The number of people renting a home — as opposed to buying — is on the rise. Increased purchase prices in the major cities along with stricter lending requirements have contributed to Millennials renting rather than buying a home. At first glance, those who are thinking about entering the real estate investment game may see this as a signal to go ahead and jump in with both feet. Or perhaps homeowners who are trying to sell their home may see this as an opportunity to take the house off the market for a while and become temporary landlords.
Yet, there are several pros and cons to consider before committing to the responsibility being a landlord.
It’s true that renting your home brings a relatively consistent income stream. If you’re trying to pay off the mortgage and make a little side income, then finding reliable tenants may be a good decision.
Depreciation, travel expenses, repairs, property taxes, and passive activity losses are all possible tax deductions when you rent homes. Of course, certain restrictions apply, and a consult with your tax professional will reveal additional details regarding what you can and cannot deduct.
The adage, “don’t put all of your eggs in one basket” holds true. Becoming a landlord diversifies your investment portfolio by providing a stable return on the investment. Of course, this is predicated on the reliability of the tenants – which is why tenants must be carefully vetted. Additionally, compared to other financial instruments, renting homes is considered to be a low-risk investment.
Certainly, the tenancy contract provides you with a certain collection of legal protections in case the tenants are negligent. Having an attorney construct the tenancy agreement will help you to avoid greater legal risk. Ultimately, the landlord is responsible for making any repairs or providing regular maintenance to the property. This requires additional time and financial outlay.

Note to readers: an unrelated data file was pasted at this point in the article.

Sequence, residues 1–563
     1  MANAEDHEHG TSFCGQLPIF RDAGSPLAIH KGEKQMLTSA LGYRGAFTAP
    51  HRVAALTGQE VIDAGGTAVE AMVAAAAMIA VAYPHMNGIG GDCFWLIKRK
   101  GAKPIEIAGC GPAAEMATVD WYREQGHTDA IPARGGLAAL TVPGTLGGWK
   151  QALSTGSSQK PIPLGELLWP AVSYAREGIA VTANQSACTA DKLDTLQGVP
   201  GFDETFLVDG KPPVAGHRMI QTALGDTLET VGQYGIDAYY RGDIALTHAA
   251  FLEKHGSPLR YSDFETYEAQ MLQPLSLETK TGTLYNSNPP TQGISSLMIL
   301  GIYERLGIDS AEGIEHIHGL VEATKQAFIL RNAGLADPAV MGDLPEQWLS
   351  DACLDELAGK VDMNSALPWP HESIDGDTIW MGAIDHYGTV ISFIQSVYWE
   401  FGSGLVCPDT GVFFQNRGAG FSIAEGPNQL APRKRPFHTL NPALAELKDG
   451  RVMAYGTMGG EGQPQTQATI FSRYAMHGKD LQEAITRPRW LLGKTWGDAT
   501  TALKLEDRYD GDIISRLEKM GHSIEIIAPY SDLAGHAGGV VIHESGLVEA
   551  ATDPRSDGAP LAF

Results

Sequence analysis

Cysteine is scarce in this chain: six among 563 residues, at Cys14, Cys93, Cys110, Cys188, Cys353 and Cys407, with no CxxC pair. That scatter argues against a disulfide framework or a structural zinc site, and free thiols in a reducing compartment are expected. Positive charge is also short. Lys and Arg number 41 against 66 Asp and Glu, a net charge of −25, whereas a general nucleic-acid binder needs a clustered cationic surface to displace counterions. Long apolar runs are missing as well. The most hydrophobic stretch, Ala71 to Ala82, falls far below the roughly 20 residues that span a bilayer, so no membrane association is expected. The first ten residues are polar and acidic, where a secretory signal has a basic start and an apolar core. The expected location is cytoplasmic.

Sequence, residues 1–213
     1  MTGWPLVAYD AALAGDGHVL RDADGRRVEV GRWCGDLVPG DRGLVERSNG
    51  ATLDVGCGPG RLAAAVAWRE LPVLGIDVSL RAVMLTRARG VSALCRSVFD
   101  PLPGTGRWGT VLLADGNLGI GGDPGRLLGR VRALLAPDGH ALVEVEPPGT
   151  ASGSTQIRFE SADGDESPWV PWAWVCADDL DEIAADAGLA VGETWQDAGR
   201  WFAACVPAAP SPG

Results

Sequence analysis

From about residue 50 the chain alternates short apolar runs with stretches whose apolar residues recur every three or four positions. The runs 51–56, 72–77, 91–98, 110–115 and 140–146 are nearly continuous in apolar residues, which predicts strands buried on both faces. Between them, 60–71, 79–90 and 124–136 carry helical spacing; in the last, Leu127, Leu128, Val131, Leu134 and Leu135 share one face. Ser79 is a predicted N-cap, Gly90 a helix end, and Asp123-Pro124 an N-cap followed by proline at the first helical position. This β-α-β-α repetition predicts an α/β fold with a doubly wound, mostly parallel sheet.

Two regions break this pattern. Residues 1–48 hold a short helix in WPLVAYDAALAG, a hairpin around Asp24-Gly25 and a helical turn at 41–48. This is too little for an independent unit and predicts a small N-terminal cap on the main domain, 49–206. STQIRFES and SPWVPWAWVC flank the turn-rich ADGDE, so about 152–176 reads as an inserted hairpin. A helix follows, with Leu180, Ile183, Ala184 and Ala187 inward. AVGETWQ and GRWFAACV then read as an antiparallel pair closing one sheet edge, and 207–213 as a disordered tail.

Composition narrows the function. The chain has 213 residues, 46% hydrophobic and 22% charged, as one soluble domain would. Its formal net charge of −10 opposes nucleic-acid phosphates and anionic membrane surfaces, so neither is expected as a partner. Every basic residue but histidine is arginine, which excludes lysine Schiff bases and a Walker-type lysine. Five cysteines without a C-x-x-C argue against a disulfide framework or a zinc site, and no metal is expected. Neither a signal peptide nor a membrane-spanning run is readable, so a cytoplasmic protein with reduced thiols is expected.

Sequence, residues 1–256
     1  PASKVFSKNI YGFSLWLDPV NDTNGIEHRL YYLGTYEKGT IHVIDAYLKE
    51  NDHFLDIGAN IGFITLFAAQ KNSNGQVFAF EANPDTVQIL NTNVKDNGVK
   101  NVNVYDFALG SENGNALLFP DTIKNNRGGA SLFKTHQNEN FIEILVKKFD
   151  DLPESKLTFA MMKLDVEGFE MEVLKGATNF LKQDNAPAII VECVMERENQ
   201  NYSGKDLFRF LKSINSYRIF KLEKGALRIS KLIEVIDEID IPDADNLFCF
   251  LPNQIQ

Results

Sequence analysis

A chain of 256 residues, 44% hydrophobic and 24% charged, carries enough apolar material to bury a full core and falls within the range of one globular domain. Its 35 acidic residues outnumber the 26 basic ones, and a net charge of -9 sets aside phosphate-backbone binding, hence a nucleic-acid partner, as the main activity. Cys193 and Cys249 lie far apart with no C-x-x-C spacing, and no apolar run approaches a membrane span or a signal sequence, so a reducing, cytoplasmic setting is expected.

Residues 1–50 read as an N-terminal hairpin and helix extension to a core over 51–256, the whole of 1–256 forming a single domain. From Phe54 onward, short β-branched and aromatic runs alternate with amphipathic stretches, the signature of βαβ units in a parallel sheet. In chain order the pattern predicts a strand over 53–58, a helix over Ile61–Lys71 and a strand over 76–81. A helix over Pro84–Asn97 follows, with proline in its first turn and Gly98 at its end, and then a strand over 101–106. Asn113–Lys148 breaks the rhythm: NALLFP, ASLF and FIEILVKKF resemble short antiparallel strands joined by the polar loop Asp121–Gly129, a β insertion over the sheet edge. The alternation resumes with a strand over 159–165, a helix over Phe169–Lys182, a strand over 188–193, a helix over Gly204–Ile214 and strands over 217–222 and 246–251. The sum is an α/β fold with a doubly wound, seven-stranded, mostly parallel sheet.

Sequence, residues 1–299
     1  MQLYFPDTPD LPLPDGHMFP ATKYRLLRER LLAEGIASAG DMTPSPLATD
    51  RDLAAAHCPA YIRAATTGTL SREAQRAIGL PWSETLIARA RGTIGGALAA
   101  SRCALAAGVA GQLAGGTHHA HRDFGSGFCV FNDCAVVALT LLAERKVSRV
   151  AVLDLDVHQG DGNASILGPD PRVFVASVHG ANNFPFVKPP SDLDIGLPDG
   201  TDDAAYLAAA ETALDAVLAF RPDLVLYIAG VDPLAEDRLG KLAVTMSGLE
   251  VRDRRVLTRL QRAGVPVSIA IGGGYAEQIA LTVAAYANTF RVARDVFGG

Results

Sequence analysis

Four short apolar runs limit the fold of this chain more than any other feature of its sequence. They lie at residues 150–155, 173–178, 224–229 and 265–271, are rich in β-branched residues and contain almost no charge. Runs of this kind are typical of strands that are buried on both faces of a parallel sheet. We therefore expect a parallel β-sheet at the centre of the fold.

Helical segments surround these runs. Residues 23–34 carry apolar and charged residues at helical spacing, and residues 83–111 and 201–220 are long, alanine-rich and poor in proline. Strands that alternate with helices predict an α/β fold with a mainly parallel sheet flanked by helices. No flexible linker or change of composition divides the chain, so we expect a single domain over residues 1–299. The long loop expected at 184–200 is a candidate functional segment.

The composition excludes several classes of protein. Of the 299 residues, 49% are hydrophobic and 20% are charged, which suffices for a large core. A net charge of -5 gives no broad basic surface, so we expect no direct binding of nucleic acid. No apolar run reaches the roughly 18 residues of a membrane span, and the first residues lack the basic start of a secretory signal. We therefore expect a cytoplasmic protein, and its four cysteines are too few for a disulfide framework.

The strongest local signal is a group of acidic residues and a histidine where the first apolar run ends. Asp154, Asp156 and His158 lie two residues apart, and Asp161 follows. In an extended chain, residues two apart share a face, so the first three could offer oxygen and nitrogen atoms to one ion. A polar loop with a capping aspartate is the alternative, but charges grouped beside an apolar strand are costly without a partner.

Landlords are also tasked with the responsibility to review tenant applicants. Someone may look great on paper but have a history of legal battles with their landlords. What if they have pets? Are they smokers? Landlords must be extremely careful to avoid breaking discriminatory laws. Something as simple as “non-smokers only” can cause a complaint. The issue can be mitigated by hiring a property management company to help you screen potential renters.
Add to this that the renter’s market is cyclical, and there will possibly be periods where renting the property is challenging.
Everything from attempting to collect unpaid rent to “squatter’s rights” create a landmine obstacle course for landlords. Each and every state has their own landlord-tenant statutes. What will you do if the tenants just pick up and leave? What can you do if they refuse to leave and you’ve given them a “pay rent or quit” eviction notice? What if they damage the property as a form of retaliation? If you don’t make a repair within a specific time period, you may open yourself up to a lawsuit.
The state and federal laws regarding tenancy can be stringent. Additionally, being a landlord takes a certain temperament since landlords are also people managers — unless you hire a property management firm to do all of the legwork for you (including managing the property). Consider your options carefully in relation to your situation. Renting space can be a very lucrative venture, but only if you understand what you are getting in to.
About the author
Kris Lindahl is a real estate powerhouse operating in ultra-competitive Twin Cities market. Real Trends and Trulia named him among the “Best Real Estate Agents in America.” His marketing methods are so powerful, so tried-and-true, that real estate agents across the country clamor to be included in his coaching sessions. Mr. Lindahl sells a home every 9 hours and particularly enjoys “golfing – anywhere and everywhere!” But you can also find him playing his old high-school sport, football. Oh, and fishing. Visit his Facebook page to see some of the ones that didn’t get away.